A couple of years back at the start of my course we were given an assignment entitled ‘Transformation’. It was a free brief for which we could create our own project proposals around that particular word.

I chose to document my journey to and from college and the contrasting environments I experience on a daily basis; starting at my hometown in the countryside and the end point being the city bus station. The series became almost dreamlike, capturing lost moments of clarity as it reflected my half awake sleepy 7am bus journey transition from near silent peace to busy chaos.

The two images from the work I was most unsure about during the process have become some of my favourite images as they express a subconcious awareness of my own style years before it became truly apparent to me.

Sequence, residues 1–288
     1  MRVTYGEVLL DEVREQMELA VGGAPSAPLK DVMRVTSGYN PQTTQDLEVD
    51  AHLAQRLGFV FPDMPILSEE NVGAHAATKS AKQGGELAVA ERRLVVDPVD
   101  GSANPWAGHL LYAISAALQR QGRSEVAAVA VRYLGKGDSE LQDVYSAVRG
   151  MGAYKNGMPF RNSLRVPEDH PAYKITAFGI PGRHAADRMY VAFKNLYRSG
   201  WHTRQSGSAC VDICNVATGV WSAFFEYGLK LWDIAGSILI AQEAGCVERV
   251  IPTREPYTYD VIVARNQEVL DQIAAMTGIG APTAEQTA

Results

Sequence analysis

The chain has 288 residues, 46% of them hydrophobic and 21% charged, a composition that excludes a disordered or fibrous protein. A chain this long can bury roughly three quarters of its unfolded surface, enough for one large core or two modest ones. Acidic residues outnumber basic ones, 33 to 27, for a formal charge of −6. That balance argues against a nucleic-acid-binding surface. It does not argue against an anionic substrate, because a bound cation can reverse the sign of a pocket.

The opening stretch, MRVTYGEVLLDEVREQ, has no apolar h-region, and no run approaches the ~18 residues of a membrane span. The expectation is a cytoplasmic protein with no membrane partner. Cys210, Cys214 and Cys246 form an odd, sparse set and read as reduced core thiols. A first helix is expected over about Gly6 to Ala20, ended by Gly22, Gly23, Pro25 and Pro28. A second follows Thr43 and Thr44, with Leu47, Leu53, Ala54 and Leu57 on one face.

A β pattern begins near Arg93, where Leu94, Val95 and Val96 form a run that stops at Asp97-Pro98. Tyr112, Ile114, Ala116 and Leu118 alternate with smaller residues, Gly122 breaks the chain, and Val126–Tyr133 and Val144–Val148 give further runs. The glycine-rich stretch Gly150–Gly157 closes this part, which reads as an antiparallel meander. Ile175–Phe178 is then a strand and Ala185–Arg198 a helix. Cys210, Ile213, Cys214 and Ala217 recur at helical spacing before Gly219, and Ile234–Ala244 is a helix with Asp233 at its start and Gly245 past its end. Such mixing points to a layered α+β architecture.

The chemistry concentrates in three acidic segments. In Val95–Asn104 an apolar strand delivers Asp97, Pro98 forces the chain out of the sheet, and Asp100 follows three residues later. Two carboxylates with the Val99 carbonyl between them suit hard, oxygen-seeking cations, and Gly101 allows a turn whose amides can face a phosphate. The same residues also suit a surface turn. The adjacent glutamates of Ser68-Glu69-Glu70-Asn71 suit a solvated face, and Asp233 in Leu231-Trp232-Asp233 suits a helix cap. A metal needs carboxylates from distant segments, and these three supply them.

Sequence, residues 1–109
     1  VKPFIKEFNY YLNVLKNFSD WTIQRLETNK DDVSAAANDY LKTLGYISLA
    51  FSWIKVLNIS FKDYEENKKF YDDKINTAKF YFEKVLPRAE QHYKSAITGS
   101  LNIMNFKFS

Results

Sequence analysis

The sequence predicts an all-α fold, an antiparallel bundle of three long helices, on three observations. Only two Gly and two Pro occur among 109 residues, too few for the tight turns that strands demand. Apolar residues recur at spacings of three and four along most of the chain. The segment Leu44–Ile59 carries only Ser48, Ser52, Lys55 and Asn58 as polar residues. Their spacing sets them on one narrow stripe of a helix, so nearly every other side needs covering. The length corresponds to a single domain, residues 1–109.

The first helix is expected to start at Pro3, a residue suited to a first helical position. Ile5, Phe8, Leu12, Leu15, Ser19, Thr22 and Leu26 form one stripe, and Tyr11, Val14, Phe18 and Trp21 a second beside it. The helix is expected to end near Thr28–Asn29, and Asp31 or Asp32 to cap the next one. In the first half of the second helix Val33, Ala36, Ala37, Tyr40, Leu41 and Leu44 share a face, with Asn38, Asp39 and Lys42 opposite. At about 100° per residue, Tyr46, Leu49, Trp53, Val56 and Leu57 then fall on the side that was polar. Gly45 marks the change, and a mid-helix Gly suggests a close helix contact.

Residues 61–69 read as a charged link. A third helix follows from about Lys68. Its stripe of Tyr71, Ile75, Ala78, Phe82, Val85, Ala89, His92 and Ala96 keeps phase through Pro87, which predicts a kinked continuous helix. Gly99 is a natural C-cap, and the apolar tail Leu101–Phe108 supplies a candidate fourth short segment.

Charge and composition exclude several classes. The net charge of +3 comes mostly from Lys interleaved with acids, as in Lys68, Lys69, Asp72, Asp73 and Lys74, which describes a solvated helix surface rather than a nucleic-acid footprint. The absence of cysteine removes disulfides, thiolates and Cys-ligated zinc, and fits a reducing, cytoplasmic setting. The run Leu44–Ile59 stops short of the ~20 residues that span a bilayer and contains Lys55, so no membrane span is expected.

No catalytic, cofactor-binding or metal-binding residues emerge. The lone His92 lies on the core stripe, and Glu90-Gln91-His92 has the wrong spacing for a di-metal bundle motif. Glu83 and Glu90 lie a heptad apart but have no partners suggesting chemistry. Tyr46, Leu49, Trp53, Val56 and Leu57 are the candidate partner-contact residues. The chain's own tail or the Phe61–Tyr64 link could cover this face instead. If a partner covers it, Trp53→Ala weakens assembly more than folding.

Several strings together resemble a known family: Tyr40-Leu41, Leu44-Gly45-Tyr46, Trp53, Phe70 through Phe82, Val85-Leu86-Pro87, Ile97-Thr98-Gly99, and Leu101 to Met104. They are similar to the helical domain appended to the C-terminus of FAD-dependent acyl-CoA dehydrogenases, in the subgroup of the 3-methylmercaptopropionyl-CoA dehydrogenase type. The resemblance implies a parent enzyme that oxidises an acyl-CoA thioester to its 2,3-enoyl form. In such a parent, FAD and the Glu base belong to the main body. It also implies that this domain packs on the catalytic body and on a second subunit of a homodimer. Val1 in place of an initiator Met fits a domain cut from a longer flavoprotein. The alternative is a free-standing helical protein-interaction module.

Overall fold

At the beginning of my course I often struggled with the amount of artist research we had to cover, relevant to our own images. Its something I now love but at first it was daunting to know where to even start.

When I showed my tutor some of my images from the work in progress (the latter one especially) he directed me to the work of photographer Uta Barth and as cheesy as it sounds I think that’s when photography first really spoke to me.

I fell in love with her imagery and even now on every new assignment I am constantly drawn back to her work. I have become fascinated by the concept of removing the subject or any one that would appear directly obvious at first glance; the idea of suggestion rather than statement. It is turning the tables almost so the viewers themselves become the subject as they can then project their own interpretations of the work and in doing so I almost feel it creates a better connection between the artist and the viewer.